10 Weird and Wacky Mating Facts in the Animal Kingdom


Kaiya Stafford , reporter

What’s the weirdest date you have ever been on?  If you think that’s weird, check out these wild dates!   

In a Clown Fish colony  the largest female mates with the largest male.   If the female dies, the male becomes female and becomes the new breeding female in the colony.

In the Anglerfish population, the female has the big, sharp teeth and the glow in the dark antenna.   The male’s body is much smaller and looks different from the females. The glow in the dark antenna  helps the male to find females. When he finds his mate the male bites her and latches on her and they fuse together which connects their circulatory systems.  He has to depend on her for his survival; the female in turn can use his sperm when she is ready to reproduce. She can have more than one male attached to her at the same time.

Snails are hermaphrodites they have both male and female reproductive parts. When Snails mate  they shoot each other in the neck with a “ love dart.” That provides the sperm to fertilize each others eggs.  Doing this is dangerous it can lead to death.

Female black widow spiders are twice as large as the male.  The female spider makes a spider web before they mate. The male must shake and vibrate his bottom on the web so the female does not mistake him for dinner…but sometimes she will confuse the male for prey and eat him.

The male puffer fish makes a nest in the sand to attract females. The patterns are very beautiful and detailed.  How they form the nest is they swim around in a circle and they scrape the sand with their fins into a nest for their eggs. The process  takes about seven to nine days and they cannot stop because the movement of water will move the sand. They decorate them with shell fragments and sediment.  The females lay her eggs in the center of the nest.

BBC Earth video on Pufferfish Love Circles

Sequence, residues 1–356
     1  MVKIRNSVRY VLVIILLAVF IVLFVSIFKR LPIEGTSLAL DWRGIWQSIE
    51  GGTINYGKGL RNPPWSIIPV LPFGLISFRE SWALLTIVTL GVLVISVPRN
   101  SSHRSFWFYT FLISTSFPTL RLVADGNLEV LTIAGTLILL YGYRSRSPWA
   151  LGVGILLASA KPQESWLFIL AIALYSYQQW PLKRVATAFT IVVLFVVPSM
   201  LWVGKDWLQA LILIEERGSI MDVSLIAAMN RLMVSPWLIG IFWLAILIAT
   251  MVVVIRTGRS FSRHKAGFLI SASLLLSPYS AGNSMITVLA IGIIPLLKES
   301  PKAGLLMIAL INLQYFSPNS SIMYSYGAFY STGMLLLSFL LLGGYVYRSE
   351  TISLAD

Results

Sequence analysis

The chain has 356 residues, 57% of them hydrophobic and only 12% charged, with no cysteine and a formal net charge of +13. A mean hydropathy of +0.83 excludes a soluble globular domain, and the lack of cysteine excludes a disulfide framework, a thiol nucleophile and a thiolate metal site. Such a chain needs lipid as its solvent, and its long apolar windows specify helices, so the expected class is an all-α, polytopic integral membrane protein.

Umbratica male spiders have glowing antenna that attract the females who also have glowing parts on their head.  The males lure the females by striking poses that display the glowing patches. Both the male and the female rely on these signals  to tell if they are in mating mood.

The male seahorse is the one that  carries the eggs. The female hovers over his pouch on the front of his body and drops them in, where the male fertilizes the eggs then carries them till they hatch. The male and the female do a dance and they link tails. The dance is called the courtship dance. The males lower their heads just like a horse and prance around the tank.

Check out this femme fatale (a woman who attracts someone and then kills them).  Once the “ she- mantis” and her  “he- mantis” have coupled she bites his head off.   Scientists think she does this to extend their time of mating.   It increases the chances of successful breeding. If you are a he-mantis, watch out!

Prairie Voles are both faithful and affectionate.   When they are stressed they hug and kiss each other. They spend 50 to 60 percent of their time together, if not more.  If any other males or females approach, the couple will chase them away. 

Happy Valentine’s Day, love bugs!!